pensive regulations relative to river commerce. This 
brought on a threatening state of affairs between the two 
countries, forecasting much trouble, if not open war. 
Finalh^, however, a treaty was signed October 20, 1795, by 
which Spain conceded to the United States free naviga- 
tion of the river from its source to the Gulf, and also the 
free use of the Port of New Orleans for three years, as a 
port of deposit. This treaty had a quieting effect for a 


time but more trouble came, and in 1802, during tlie ad- 
ministration of President Jefferson ttiere were apprehen- 
sions of war over the river and southwestern boundary 

In the year mentioned, however, a sudden change came 
in the situation. It was learned that, by a secret treaty 
made in 1800, two years previous, between France and 
Spain, the latter had ceded Louisiana again to France. It 
was at first supposed this cession included the Floridas, 
then in the possession of Spain. In Ms message to con- 
gress, in 1802, President Jefferson mentioned this cession 
to France, and congress promptly passed resolutions de- 
claring the right of the citizens of the United States to 
the free navigation of the Mississippi River and a free port 
of entry and deposit. President Jefferson had long seen 
the absolute necessitj' that this countrj^ should, at the 
earliest possible day, secure the absolute and undisputed 
control of this valuable territory. He had previously in- 
structed the American minister to France, Mr. Living- 
ston, and in January, 1803, he appointed James Monroe, 
with orders to proceed to Paris and act in this matter in 
conjunction with Mr. Livingston. The instructions only 
asked for the cession of the City of New Orleans and the 
Floridas, with the free navigation of the Mississippi. 
Bonaparte was then in power in France as First Consul, 
and was preparing for a serious war with England. He 
knew that when the war came he could not hold the 
mouth of the Mississip]3i or New Orleans against the Eng- 
lish. He promptly informed the American ministers that 
he would not cede New Orleans alone, but Avould cede all 
of Louisiana to the United States, upon favorable terms 
and conditions. This offer to cede so vast a region of 
country, with the largest river in North America, Avas 
more than the American ministers were authorized to ask 


for or accept. They had asked for a small town and an 
insignificant amount of territorj^, and were met bj' the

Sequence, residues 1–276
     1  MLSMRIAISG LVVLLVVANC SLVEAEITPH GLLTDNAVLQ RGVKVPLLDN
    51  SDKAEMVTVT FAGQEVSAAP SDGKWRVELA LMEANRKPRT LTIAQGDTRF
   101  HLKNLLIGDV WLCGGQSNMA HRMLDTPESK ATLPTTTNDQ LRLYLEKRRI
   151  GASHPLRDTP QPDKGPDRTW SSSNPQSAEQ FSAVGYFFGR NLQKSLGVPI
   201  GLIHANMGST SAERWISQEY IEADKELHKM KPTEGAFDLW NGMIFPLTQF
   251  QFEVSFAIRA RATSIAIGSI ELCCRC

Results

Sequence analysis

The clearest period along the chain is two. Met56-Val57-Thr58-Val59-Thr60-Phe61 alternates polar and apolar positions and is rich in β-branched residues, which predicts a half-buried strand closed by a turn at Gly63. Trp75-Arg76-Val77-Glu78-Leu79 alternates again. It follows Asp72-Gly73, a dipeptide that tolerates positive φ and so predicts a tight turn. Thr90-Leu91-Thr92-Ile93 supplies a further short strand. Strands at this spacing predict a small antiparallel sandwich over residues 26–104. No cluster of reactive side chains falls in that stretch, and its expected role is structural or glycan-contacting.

offer of a mighty territorial empire. 

The times were critical. There were grave dangers in 
delay. The ministers wisely decided, as it were, to over- 
step their limited powers. Bonaparte urged the negoti- 
ations forward, and a treaty was concluded on the thir- 
tieth of April, 1803, and a few days later signed by the 
respective ministers. The United States was to pay for 
this vast territory only |15, 000,000. In the congratula- 
tions over the treaty Bonaparte made a remark which 
showed his keen insight into the future, and one of his 
guiding reasons for making the sale. He said: "This 
accession of territorj^ strengthens forever the power of 
the United States, and I have given to England a mara- 
time rival that will sooner or later humble her pride." 
Spain demurred for a time to the treaty, but finally 
waived all objections, and in October, 1803, the United 
States senate ratified the treaty by twenty-four votes for 
to seven against. 

The country ceded by this treaty was at the time esti- 
mated to exceed in extent a million square, miles, all 
occupied more or less by Indians, except a few sparse 
settlements, aggregating less than 100,000 inhabitants, 
all told, and of these about 40,000 were negro slaves. The 
whites were mostly French, or of that descent, with a 
sprinkling of Spaniards and a few thousand natives of the 
United States who had penetrated the country from bor- 
dering states and territories. The "Louisiana Purchase" 
embraced not only the present state of Louisiana, but all 
the vast region of countrj' between the Mississippi Eiver 
and the Eocky Mountains, running as far north as the 
British Possessions. The states of Arkansas, Missouri, 
Iowa, Kansas, Nebraska, Colorado, Wyoming, Montana, 


Idaho, the two Dakotas, and the greater part of Minne- 
sota, were carred from this cheaply acquired territory. 

This newly acquired territory was, by act of Congress, 
October 1, 1804, divided as follows: All south of the 33d 
parallel of north latitude was called the Territory of Or- 
leans, and all north of this line the District of Louisiana, 
the latter being placed, for the time being, under the 
jurisdiction of the officers of the then Indian Territory. 
.July 4, 1805, the Territory of Louisiana was given a terri- 
torial government of its own. In 1812 the Territory of 
Louisiana became the state of Louisiana, and the terri- 
torial name changed to that of Missouri. July 4, 1814, 
Missouri Territory was divided — that part now compris- 
ing the State of Arkansas and west of it Avas made the 
Territory of Arkansas. In March, 1821, a part of Missouri 
Territory was organized as the State of Missouri, and 
admitted into the Union. June 28, 1834, the territory 
west of the Mississippi IJiver and north of Missouri, em- 
bracing Iowa, was made a part of the Territory of Michi- 
gan, and so continued until July 4, 183G, when Wisconsin 
Territory was organized. This embraced within its limits 
the present states of Iowa, Wisconsin and Minnesota. An 
act of Congress, approved June 12, 1838, created the Terri- 
tory of Iowa, embracing not only the area of our present 
state, but covering much of Minnesota, and extending 
north to the British Possessions. In December, 184G, 
Iowa, with her present limits, was admitted into the 
LTnion as a sovereign state. 

To briefly sum up Iowa: 1st. Belonged to France by 
right of discoverv. 2d. Was transferred bv France to